An Article In Meteorite Times Magazine
by Jim Tobin

35 Years Later

This has been an interesting month; July that is. I am writing this before the very end has come. My wife’s 35th high school reunion is in a couple days. I personally never go to the ones from my school. July also brought the 35th anniversary of the first lunar landing. And with that came the flood of memories about who I was back then and what I thought I might do with the life that was really only beginning in 1969. Now, I have a long road behind me to look back on. It has turned out quite differently from what I thought. I assumed at high school graduation that I would pursue my interest in geology and archeology ending up a professor at some university teaching in one of those topics. Doing field work the part I loved during the summers. I have ended up very far indeed from there.

July 20, 1969

I sat on that Sunday around a TV at a youth camp in the mountains near Redlands, California. It was not so very far from where Paul and I go for RTMC each year. A whole bunch of us were there for the week and as it turns out my lovely wife was there as an attendee as well. Though it would be about 13 years before we would marry and would lose track of each other for a decade, it was the night of the first lunar landing that we met. Most of the group watched the TV coverage till late into the night. Sara and I celebrate the date as a sort of second anniversary each year still.

I would follow the missions to the Moon with excitement. I was already deep into the hobby of meteorite collecting and Meteor Crater was already my favorite spot on our world. I watched as every rock was collected and wondered what it would reveal. I hoped for the full set of missions and was disappointed, like many others as enthusiasm in the public waned and the program was cut short.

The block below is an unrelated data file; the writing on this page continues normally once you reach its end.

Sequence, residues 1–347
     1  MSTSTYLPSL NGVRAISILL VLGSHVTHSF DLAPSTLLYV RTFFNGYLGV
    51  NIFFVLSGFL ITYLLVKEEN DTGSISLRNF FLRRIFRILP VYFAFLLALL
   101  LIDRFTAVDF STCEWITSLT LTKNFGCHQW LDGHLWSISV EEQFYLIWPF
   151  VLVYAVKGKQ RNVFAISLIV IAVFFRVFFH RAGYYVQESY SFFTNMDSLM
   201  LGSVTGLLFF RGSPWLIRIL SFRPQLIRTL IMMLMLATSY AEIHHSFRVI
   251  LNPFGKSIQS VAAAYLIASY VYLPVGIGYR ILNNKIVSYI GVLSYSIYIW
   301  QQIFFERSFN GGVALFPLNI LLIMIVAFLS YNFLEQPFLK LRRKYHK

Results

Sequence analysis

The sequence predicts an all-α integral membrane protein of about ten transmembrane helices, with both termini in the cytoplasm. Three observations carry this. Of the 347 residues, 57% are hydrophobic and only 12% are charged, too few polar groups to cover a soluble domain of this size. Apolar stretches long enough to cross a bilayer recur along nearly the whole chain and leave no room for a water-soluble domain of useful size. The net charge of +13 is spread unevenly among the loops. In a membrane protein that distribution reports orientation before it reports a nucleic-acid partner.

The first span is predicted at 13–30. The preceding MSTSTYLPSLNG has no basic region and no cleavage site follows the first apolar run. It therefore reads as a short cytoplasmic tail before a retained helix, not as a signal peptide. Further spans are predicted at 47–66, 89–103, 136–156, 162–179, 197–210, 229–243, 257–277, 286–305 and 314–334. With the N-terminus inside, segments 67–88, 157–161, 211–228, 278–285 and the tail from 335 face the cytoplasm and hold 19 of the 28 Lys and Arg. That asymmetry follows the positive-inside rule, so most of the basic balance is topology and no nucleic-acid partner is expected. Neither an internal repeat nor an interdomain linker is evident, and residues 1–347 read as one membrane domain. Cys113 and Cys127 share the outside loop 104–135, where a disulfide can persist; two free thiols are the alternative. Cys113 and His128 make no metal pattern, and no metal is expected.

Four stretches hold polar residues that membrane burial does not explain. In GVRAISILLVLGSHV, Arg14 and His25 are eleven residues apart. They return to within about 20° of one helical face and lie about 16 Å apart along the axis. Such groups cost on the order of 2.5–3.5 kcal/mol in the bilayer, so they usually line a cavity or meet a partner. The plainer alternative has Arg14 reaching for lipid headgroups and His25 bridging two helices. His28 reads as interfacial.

Years later I would meet Eugene Cernan at a book signing. We would trade books actually. I signed one of my little books on Meteor Crater for him; we talked a moment about the training done there for the lunar missions. It was a great moment meeting him though I wish that he had not been The Last Man on the Moon.

Approximately 840 pounds of rocks were returned during the Apollo Program. For two decades they were the only touchable source of information about the composition of our companion in space. Are they a complete sampling of the rocks? No. It is to me like a visitor to Earth thinking penguins are the only form of life from looking around a landing site in Antarctica. Today, lunar meteorites are available to collectors, and what a thrill the last several years have been. There are lunar meteorites available to us that prove the idea that not everything the Moon has was brought back by the astronauts. NWA 773 for example represents material that is not among the Apollo collected rocks.

The journey of life has many interesting crossroads. Paul and I would get to hold that particular meteorite in our hands before it was seen by anyone else. Before it was recognized for sure to be lunar. It is the largest piece of the Moon I will probably every hold, and we got to spend so much time with it.

The Moon remains one of my favorite astronomical objects, and is still the one I photograph the most. Will we be going back ever? I would hope to see that happen again in my life. But, it has been over thirty years and I am still wondering when. There is always talk of it happening but, the excitement for things of space has faded. Fewer young people seem to be caught by the wonder and awe of space that swept away so many of us years ago.

In a few days some of these memories will file themselves again in a dark corner of my mind, to resurface perhaps at the 40th anniversary. But, just Maybe, some night sooner when I sit with my eye against polished glass gazing at the brilliant surface of our nearest neighbor, I May remember that night with Neil, Buzz and Sara.

Till next month.